As we approached the area where his room was, I spotted him in the communal "living room" area. And it really was like a living room, complete with a big flat screen TV and fireplace to use in the cooler months, with a "porch" area leading off of that. The chairs... oh my... EVERY chair was an easy chair and no ordinary easy chair at that. VERY comfortable. My dad was in a special kind of chair. Like an easy chair but different. It had two foot rests, and no handle on the side so that he couldn't put his feet down and try to get up when the nurses weren't looking. He could, however, be adjusted to where he could sit in a more upright position, but his feet were still up far enough to where he couldn't put them down on the floor. Plus (and I had to kind of laugh at this), on the back of his shirt there was a little clip with a line running to an alarm, so if he did figure out a way to get out of the chair, the alarm would go off (and it actually did at one point when he was adjusting his pillows and he accidentally knocked the clip off, so we know the alarm works very well). Genius.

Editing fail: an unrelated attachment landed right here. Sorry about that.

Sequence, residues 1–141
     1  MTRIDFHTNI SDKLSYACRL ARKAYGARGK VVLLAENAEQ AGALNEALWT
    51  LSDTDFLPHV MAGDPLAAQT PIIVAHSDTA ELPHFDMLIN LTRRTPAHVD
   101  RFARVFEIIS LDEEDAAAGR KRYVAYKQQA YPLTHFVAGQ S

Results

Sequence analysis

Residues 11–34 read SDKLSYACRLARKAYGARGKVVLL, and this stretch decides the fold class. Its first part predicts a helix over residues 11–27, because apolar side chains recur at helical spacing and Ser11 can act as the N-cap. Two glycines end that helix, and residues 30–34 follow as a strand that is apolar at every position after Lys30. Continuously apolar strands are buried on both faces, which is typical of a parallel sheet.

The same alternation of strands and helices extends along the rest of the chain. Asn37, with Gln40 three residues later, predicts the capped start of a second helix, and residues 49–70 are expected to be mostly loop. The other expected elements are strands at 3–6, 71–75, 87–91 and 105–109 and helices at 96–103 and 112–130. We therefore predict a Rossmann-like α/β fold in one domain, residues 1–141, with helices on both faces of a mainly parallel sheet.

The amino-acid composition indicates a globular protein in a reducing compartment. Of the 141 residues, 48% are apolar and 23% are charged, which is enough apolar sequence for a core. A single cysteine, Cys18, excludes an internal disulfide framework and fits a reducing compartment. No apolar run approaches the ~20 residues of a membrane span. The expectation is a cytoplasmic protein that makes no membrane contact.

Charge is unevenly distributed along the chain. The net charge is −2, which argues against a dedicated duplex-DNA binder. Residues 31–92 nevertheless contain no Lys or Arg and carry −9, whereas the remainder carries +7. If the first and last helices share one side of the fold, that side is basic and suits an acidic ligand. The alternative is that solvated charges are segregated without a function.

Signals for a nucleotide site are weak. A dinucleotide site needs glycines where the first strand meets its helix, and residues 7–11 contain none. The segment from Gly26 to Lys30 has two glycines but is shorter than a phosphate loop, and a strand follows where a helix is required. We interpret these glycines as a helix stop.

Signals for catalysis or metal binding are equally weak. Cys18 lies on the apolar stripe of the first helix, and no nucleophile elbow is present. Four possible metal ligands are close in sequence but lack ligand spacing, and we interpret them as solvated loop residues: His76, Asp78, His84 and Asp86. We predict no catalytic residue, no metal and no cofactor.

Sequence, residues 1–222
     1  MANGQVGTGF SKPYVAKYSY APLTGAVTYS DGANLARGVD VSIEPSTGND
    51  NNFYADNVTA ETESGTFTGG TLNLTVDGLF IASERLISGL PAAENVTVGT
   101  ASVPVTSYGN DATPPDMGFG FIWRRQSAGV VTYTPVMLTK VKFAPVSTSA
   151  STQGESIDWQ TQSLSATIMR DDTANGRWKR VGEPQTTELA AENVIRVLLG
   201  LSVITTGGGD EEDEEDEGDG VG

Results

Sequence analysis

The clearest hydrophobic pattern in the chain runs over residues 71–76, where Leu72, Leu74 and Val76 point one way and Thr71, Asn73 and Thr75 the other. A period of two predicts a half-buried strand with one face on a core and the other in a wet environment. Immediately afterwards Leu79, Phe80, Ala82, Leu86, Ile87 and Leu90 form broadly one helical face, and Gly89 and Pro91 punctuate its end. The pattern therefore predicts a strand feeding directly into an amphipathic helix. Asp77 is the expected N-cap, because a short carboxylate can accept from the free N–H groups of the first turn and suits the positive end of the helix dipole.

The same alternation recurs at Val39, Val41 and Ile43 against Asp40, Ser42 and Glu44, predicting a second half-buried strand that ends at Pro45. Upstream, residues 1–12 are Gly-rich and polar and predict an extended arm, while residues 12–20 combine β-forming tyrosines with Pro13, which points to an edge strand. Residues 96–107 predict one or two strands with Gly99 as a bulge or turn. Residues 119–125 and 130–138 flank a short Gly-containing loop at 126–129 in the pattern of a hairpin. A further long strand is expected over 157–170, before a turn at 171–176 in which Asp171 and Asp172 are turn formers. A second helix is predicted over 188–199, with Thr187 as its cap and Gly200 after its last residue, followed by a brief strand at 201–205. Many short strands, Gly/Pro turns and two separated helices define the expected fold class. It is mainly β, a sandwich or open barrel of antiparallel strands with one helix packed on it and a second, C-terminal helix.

I talked to a nurse while there and found out that he is receiving daily therapy now during the week! Once a day on weekdays, a physical therapist comes and gets him up and takes him for a walk (and has him do other exercises, too, I'm sure). I was so happy and relieved to hear that.